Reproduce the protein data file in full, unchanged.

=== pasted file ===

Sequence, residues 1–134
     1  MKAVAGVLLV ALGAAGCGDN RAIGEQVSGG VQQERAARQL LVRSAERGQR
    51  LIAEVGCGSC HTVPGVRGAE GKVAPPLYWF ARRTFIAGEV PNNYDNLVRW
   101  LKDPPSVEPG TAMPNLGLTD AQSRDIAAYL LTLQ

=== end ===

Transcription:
Sequence, residues 1–134
     1  MKAVAGVLLV ALGAAGCGDN RAIGEQVSGG VQQERAARQL LVRSAERGQR
    51  LIAEVGCGSC HTVPGVRGAE GKVAPPLYWF ARRTFIAGEV PNNYDNLVRW
   101  LKDPPSVEPG TAMPNLGLTD AQSRDIAAYL LTLQ